In Job’s reply to the LORD, he quoted the LORD again (Job 38:3; Job 40:7). Job had questioned God about why he suffered, because he was an innocent victim. It is not that Job had never sinned at any time throughout his entire life, but if he had sinned (and I believe he had) Job repented and God put him back into a right relationship with him again. Job knew that he had done nothing to deserve the severe troubles and trials that afflicted him. Job will now answer the LORD who had just answered him and questioned him about the justice of God.
(Job 42:5) I had heard of you by the hearing of the ear, but now my eye sees you;
Previous to his testing, Job knew about God from all that he had heard, and he had done what he knew to do to remain right with God. Job knew that the righteous were not supposed to suffer. After God answered Job, Job could say that he had now seen God, which meant that he had come to know God more personally and not just “about” God from the things he had heard. From knowing God personally, Job now knew God always used His power wisely and justly.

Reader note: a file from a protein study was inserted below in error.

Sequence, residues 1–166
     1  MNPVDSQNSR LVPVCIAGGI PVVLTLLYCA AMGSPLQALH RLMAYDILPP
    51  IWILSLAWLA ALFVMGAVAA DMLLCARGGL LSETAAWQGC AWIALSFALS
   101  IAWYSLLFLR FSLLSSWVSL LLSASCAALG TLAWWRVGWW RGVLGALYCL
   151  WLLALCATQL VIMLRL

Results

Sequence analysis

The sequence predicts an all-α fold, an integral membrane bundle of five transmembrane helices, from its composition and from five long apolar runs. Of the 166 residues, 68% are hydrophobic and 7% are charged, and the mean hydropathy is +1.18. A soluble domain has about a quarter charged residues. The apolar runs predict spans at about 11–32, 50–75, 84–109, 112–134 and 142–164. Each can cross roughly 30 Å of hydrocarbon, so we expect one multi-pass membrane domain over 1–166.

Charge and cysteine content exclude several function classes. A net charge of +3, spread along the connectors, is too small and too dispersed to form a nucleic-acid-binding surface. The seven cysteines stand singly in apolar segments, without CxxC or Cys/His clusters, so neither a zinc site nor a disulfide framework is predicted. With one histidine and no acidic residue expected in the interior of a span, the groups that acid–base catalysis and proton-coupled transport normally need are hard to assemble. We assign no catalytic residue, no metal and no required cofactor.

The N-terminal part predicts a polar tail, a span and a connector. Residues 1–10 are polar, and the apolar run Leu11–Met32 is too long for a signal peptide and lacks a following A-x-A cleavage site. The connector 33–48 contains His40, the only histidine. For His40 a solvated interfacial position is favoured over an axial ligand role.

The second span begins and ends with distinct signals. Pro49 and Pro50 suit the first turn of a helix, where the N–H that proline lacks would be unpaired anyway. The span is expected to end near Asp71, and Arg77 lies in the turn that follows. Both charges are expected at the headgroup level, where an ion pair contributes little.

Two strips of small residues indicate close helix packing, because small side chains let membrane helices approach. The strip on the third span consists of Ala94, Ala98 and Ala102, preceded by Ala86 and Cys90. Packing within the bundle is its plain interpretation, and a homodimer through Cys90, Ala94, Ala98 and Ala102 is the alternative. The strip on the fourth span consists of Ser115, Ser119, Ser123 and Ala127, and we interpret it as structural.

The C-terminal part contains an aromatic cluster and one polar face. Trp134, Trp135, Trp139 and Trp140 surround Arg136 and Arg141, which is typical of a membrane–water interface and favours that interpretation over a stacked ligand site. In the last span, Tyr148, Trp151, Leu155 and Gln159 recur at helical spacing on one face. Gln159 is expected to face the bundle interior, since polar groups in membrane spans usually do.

(Job 42:6) therefore I despise myself, and repent in dust and ashes.”
Job came to despise himself because he came to understand the great gap between himself and the Almighty Holy God that he served. He repented for having said unwise things about God based on his limited understanding of God. Job had not sinned, but he wished he had not accused God of being unjust – which he had done because he did not yet have “the Book of Job” or the Bible as we have God’s Word today.
(Job 42:7) After the LORD had spoken these words to Job, the LORD said to Eliphaz the Temanite: “My wrath is kindled against you and against your two friends; for you have not spoken of me what is right, as my servant Job has.
After speaking with Job, God spoke only to one of Job’s friends and He expected him to pass on His words to his friends. Because of the way they had falsely accused Job of sin and had refused to provide him comfort or consolation in his suffering, and no doubt for other reasons known to God, they had come under the just judgment of God. These men did not speak right of God because they had said God was punishing Job (among other wrong statements) when God was not punishing Job. Without knowing the facts, they refused to believe Job and kept accusing Job of hidden sins, which was wrong.
(Job 42:8) Now therefore take seven bulls and seven rams, and go to my servant Job, and offer up for yourselves a burnt offering; and my servant Job shall pray for you, for I will accept his prayer not to deal with you according to your folly; for you have not spoken of me what is right, as my servant Job has done.”